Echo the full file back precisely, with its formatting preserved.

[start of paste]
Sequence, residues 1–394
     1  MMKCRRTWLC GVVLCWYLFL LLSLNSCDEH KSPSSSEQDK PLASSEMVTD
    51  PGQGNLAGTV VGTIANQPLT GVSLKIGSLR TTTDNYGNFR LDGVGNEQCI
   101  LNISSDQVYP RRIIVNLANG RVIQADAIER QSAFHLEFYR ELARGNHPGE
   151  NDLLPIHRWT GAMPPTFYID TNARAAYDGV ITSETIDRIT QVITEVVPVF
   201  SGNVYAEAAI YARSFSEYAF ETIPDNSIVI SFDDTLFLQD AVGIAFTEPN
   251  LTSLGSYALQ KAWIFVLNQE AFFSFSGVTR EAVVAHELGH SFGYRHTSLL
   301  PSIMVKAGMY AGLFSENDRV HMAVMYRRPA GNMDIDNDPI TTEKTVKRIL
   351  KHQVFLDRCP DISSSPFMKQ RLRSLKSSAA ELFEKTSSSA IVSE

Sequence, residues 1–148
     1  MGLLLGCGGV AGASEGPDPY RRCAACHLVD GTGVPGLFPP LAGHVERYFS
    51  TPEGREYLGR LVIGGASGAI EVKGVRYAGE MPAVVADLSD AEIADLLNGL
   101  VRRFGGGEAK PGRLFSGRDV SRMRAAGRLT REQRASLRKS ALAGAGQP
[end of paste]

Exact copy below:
Sequence, residues 1–394
     1  MMKCRRTWLC GVVLCWYLFL LLSLNSCDEH KSPSSSEQDK PLASSEMVTD
    51  PGQGNLAGTV VGTIANQPLT GVSLKIGSLR TTTDNYGNFR LDGVGNEQCI
   101  LNISSDQVYP RRIIVNLANG RVIQADAIER QSAFHLEFYR ELARGNHPGE
   151  NDLLPIHRWT GAMPPTFYID TNARAAYDGV ITSETIDRIT QVITEVVPVF
   201  SGNVYAEAAI YARSFSEYAF ETIPDNSIVI SFDDTLFLQD AVGIAFTEPN
   251  LTSLGSYALQ KAWIFVLNQE AFFSFSGVTR EAVVAHELGH SFGYRHTSLL
   301  PSIMVKAGMY AGLFSENDRV HMAVMYRRPA GNMDIDNDPI TTEKTVKRIL
   351  KHQVFLDRCP DISSSPFMKQ RLRSLKSSAA ELFEKTSSSA IVSE

Sequence, residues 1–148
     1  MGLLLGCGGV AGASEGPDPY RRCAACHLVD GTGVPGLFPP LAGHVERYFS
    51  TPEGREYLGR LVIGGASGAI EVKGVRYAGE MPAVVADLSD AEIADLLNGL
   101  VRRFGGGEAK PGRLFSGRDV SRMRAAGRLT REQRASLRKS ALAGAGQP